# Hexagon

(Redirected from Regular hexagon)
For other uses, see Hexagon (disambiguation).
Regular hexagon
A regular hexagon
Type Regular polygon
Edges and vertices 6
Schläfli symbol {6}
Coxeter diagram
Symmetry group D6, order 2×6
Internal angle (degrees) 120°
Dual polygon self
Properties convex, cyclic, equilateral, isogonal, isotoxal

In geometry, a hexagon (from Greek ἕξ hex, "six" and γωνία, gonía, "corner, angle") is a polygon with six edges and six vertices. A regular hexagon has Schläfli symbol {6}. The total of the internal angles of any hexagon is 720°.

## Hexagonal structures

From bees' honeycombs to the Giant's Causeway, hexagonal patterns are prevalent in nature due to their efficiency. In a hexagonal grid each line is as short as it can possibly be if a large area is to be filled with the fewest number of hexagons. This means that honeycombs require less wax to construct and gain lots of strength under compression.

## Regular hexagon

A step-by-step animation of the construction of a regular hexagon using compass and straightedge, given by Euclid's Elements, Book IV, Proposition 15.
The regular hexagon has a number of subsymmetries that can be seen by coloring or geometric variations
A regular hexagon can be divided into 6 equilateral triangles by adding a center point
A regular hexagon can be extended into a regular dodecagon by adding alternating square and equilateral triangles around it.
A regular hexagon can be stellated with equilateral triangles on its edges, creating a hexagram.

A regular hexagon is defined as a hexagon that is both equilateral and equiangular. It is bicentric, meaning that it is both cyclic (has a circumscribed circle) and tangential (has an inscribed circle).

The common length of the sides equals the radius of the circumscribed circle. All internal angles are 120 degrees. A regular hexagon has 6 rotational symmetries (rotational symmetry of order six) and 6 reflection symmetries (six lines of symmetry), making up the dihedral group D6. The longest diagonals of a regular hexagon, connecting diametrically opposite vertices, are twice the length of one side. From this it can be seen that a triangle with a vertex at the center of the regular hexagon and sharing one side with the hexagon is equilateral, and that the regular hexagon can be partitioned into six equilateral triangles.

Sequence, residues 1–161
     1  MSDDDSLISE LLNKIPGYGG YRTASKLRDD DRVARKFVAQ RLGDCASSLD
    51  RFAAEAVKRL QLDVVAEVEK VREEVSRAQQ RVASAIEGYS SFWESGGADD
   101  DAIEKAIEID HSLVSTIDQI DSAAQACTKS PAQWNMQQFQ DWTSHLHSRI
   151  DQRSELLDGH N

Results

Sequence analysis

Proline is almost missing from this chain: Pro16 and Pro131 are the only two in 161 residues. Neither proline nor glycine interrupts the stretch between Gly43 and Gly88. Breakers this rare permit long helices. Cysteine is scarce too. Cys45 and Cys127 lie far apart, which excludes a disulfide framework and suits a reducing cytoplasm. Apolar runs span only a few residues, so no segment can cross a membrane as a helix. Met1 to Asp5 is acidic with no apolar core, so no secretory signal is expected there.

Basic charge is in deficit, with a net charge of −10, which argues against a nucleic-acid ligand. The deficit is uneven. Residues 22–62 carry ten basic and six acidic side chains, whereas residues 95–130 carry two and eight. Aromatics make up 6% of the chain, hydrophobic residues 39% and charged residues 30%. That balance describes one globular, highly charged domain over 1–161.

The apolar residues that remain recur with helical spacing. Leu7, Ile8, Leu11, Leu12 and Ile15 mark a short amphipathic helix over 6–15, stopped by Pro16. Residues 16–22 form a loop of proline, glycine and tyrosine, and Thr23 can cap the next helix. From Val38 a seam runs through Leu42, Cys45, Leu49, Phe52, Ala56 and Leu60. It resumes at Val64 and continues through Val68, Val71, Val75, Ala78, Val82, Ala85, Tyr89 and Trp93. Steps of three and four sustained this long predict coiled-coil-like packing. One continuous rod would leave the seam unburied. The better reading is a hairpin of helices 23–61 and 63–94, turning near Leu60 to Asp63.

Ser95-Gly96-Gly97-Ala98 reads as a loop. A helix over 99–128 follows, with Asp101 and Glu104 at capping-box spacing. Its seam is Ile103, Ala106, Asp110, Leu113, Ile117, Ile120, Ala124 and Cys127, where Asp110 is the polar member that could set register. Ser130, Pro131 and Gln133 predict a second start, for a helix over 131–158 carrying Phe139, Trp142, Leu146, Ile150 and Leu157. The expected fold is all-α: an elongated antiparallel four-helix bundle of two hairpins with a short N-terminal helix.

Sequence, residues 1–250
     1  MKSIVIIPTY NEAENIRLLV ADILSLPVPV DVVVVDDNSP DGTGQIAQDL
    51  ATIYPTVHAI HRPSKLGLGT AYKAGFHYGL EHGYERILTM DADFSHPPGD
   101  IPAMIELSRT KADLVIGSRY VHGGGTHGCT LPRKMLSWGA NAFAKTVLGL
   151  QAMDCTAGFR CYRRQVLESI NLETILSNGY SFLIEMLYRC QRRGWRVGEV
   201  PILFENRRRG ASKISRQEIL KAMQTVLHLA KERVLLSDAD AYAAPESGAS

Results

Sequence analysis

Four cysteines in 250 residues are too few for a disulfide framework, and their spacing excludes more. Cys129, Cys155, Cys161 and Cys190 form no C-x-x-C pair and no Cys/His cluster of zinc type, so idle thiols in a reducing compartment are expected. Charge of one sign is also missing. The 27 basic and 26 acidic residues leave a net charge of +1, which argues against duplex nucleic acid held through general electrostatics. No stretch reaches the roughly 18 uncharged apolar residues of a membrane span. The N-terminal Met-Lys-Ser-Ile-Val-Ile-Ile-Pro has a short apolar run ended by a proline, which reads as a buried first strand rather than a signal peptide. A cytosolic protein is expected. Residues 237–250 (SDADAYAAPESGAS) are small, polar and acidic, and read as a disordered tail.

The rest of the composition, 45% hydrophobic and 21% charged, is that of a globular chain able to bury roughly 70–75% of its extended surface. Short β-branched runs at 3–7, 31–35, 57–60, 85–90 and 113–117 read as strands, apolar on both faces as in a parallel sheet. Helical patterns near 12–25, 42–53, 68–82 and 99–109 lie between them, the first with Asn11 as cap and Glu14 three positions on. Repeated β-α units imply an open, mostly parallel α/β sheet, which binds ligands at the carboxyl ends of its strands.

Like squares and equilateral triangles, regular hexagons fit together without any gaps to tile the plane (three hexagons meeting at every vertex), and so are useful for constructing tessellations. The cells of a beehive honeycomb are hexagonal for this reason and because the shape makes efficient use of space and building materials. The Voronoi diagram of a regular triangular lattice is the honeycomb tessellation of hexagons. It is not usually considered a triambus, although it is equilateral.

The area of a regular hexagon of side length t is given by

$A = \frac{3 \sqrt{3}}{2}t^2 \simeq 2.598076211 t^2.$

An alternative formula for the area is

$A=\frac{3}{2}dt$

where the length d is the distance between the parallel sides (also referred to as the flat-to-flat distance), or the height of the hexagon when it sits on one side as base, or the diameter of the inscribed circle.

Another alternative formula for the area if only the flat-to-flat distance, d, is known, is given by

$A = \frac{ \sqrt{3}}{2} d^2 \simeq 0.866025404d^2.$

The area can also be found by the formulas

$A=ap/2$

and

$A\ =\ {2}a^2\sqrt{3}\ \simeq\ 3.464102 a^2,$

where a is the apothem and p is the perimeter.

The perimeter of a regular hexagon of side length t is 6t, its maximal diameter 2t, and its minimal diameter $\scriptstyle d\ =\ t\sqrt{3}$.

If a regular hexagon has successive vertices A, B, C, D, E, F and if P is any point on the circumscribing circle between B and C, then PE + PF = PA + PB + PC + PD.